Water wars? Devastating shortages will fuel MidEast conflicts for 25 yrs – report
Worse still, according to scientists with the World Resource Institute (WRI), water shortages will exacerbate existing conflicts – and the factor is considered to have contributed to the rising violence in Syria that erupted in 2011.
“Drought and water shortages in Syria likely contributed to the unrest that stoked the country’s 2011 civil war. Dwindling water resources and chronic mismanagement forced 1.5 million people, primarily farmers and herders, to lose their livelihoods and leave their land, move to urban areas, and magnify Syria’s general destabilization,” a new WRI report says.
The institute estimates that, of 33 countries predicted to face “extremely high water stress” by the year 2040, 14 will be in the Middle East and North Africa.
The process will take place gradually, owing not only to a period of drought we’ve been facing, but also by overcrowding, as the global demand for water grows.
As many in the world grow poorer, a middle class is also emerging – and its own demands for increased use of water will also put pressure on resources, as its demands for electricity and water-intensive food production far outstrip those of the poor, the researchers say.
The situation is not uniform, where drought is concerned: some areas become drier, and others wetter. And as some are set to die of thirst, others may suffer deadly floods, which will also destroy livelihoods and displace hundreds of millions of people.
To arrive at its conclusions, the WRI has carried out a completely unique analysis. In the analysis, it arrived at rankings on future water stress that comes out of both depletion and competition for the resource. A total of 167 countries were sampled, with predictions offered for 2020, 2030 and 2040.
Some of the worst-hit countries, scoring 5.0 on the proposed scale, are in the Middle East, starting with Bahrain. The last on that list is Tunisia. But adjoining regions will also face difficult times; for instance, the rich and affluent principality of San Marino and the business-savvy Singapore join Bahrain, Kuwait, Palestine, Qatar and the UAE in the report as countries most at risk.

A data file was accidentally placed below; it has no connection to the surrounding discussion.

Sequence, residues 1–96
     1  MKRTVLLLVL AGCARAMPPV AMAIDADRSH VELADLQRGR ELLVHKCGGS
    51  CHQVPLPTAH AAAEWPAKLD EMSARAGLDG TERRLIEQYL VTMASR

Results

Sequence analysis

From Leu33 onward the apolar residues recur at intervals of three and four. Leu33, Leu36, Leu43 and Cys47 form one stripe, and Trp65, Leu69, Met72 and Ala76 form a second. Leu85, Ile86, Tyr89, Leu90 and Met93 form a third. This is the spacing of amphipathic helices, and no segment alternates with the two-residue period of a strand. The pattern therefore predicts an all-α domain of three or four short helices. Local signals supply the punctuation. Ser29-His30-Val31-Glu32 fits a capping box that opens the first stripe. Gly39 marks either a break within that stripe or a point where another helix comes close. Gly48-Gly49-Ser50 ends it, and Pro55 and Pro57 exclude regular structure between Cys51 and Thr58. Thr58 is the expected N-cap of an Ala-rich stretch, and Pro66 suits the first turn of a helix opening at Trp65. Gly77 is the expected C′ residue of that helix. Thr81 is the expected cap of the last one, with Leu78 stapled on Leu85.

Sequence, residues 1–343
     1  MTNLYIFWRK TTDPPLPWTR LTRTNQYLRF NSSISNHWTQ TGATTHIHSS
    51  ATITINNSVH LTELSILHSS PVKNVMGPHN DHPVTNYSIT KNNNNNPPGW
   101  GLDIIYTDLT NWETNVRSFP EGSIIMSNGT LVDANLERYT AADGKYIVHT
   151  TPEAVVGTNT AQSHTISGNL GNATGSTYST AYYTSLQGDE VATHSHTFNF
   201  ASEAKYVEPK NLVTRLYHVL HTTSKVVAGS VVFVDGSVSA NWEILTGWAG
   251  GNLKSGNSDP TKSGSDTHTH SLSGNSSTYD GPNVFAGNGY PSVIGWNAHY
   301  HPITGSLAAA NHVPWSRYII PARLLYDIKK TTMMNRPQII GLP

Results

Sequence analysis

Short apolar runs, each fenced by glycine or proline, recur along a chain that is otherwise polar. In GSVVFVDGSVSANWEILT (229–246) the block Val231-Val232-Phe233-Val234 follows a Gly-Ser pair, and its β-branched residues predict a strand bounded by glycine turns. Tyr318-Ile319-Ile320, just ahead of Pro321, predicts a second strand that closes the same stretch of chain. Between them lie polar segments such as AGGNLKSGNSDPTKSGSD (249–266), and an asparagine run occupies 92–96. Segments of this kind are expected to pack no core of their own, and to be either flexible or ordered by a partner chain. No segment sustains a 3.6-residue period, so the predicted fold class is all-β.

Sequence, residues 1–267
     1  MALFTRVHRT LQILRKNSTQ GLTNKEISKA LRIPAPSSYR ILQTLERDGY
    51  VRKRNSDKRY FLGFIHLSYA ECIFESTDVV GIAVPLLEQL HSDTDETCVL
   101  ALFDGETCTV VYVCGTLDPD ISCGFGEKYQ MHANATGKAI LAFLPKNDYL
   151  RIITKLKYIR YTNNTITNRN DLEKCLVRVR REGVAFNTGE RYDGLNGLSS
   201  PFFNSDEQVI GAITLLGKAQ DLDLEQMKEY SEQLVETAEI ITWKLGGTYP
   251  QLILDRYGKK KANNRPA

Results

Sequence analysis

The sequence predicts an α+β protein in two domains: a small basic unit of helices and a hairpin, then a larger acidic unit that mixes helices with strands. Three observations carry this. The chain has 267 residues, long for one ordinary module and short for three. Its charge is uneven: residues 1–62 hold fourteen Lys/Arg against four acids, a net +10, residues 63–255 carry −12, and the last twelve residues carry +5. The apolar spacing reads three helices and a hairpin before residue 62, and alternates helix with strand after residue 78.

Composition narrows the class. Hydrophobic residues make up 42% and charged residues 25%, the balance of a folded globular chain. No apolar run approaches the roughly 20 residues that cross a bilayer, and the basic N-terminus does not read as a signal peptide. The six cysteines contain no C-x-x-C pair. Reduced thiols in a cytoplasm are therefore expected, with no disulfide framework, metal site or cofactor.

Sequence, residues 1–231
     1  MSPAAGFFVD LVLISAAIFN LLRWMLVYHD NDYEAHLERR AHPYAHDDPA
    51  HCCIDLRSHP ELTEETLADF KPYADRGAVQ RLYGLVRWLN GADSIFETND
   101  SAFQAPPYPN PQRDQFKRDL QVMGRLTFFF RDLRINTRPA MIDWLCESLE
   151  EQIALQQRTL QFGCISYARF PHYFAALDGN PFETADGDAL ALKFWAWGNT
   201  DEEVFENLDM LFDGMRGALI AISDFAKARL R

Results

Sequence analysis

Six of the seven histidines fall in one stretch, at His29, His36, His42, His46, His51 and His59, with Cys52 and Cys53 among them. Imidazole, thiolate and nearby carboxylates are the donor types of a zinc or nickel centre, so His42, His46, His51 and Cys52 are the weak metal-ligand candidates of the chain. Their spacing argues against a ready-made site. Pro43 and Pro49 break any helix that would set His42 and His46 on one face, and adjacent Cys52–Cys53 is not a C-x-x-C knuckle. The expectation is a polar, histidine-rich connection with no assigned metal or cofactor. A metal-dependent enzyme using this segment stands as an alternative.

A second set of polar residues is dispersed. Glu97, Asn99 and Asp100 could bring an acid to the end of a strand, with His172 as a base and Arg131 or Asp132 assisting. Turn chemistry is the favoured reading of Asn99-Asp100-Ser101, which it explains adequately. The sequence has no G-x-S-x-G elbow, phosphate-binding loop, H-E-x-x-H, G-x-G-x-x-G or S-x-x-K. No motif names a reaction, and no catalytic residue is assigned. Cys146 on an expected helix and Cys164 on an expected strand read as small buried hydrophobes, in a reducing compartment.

Israel, for comparison, is only at eighth.
Greece, Turkey and Macedonia, as well as ex-Soviet Turkmenistan and Kyrgyzstan, are also high on the danger list.
The list includes Estonia, in the Baltic region – far away from the arid Africa, where Botswana and Namibia stand to lose especially hard.
But the consensus is that the Middle East is probably the least sustainable of all the regions, owing to an already huge stress on groundwater and desalinated seawater. The perpetual violence of conflict in the region has made access to already-scarce water resources more difficult, particularly in Syria.
“Water is a significant dimension of the decades-old conflict between Palestine and Israel,” the report says, adding: “Saudi Arabia’s government said its people will depend entirely on grain imports by 2016, a change from decades of growing all they need, due to fear of water-resource depletion. The US National Intelligence Council wrote that water problems will put key North African and Middle East countries at greater risk of instability and state failure.”
China and India are at extreme risk of water shortages, given the latest fallout from the droughts and heatwaves. But it’s not just developing nations: the US southwest and California are also set to suffer record droughts unheard of over the past century.
The fault in the impending shortages will lie with both rising temperatures worldwide, and the changing precipitation pattern, researchers say. But each country is affected differently by this combination of factors.
“Whatever the drivers, extremely high water stress creates an environment in which companies, farms and residents are highly dependent on limited amounts of water and vulnerable to the slightest change in supply. Such situations severely threaten national water security and economic growth,” the report says.
The authors recommend: “National and local governments must bring forward strong national climate action plans and support a strong international climate agreement in Paris this November. Governments must also respond with management and conservation practices that will help protect essential sustainable water resources for years to come.”